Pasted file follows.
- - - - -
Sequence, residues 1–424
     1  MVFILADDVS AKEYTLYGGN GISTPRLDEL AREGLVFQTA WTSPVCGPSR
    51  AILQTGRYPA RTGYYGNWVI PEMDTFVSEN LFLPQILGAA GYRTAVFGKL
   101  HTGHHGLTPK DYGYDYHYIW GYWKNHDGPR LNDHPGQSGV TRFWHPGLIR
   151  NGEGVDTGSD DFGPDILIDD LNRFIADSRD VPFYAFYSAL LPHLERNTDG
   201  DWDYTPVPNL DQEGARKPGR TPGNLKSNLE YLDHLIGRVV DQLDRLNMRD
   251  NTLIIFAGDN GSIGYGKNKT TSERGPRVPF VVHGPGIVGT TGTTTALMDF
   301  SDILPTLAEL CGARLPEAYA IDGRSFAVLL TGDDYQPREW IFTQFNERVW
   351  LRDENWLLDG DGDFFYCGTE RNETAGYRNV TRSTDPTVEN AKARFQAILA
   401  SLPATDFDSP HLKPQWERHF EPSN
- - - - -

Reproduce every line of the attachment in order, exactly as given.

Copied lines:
Sequence, residues 1–424
     1  MVFILADDVS AKEYTLYGGN GISTPRLDEL AREGLVFQTA WTSPVCGPSR
    51  AILQTGRYPA RTGYYGNWVI PEMDTFVSEN LFLPQILGAA GYRTAVFGKL
   101  HTGHHGLTPK DYGYDYHYIW GYWKNHDGPR LNDHPGQSGV TRFWHPGLIR
   151  NGEGVDTGSD DFGPDILIDD LNRFIADSRD VPFYAFYSAL LPHLERNTDG
   201  DWDYTPVPNL DQEGARKPGR TPGNLKSNLE YLDHLIGRVV DQLDRLNMRD
   251  NTLIIFAGDN GSIGYGKNKT TSERGPRVPF VVHGPGIVGT TGTTTALMDF
   301  SDILPTLAEL CGARLPEAYA IDGRSFAVLL TGDDYQPREW IFTQFNERVW
   351  LRDENWLLDG DGDFFYCGTE RNETAGYRNV TRSTDPTVEN AKARFQAILA
   401  SLPATDFDSP HLKPQWERHF EPSN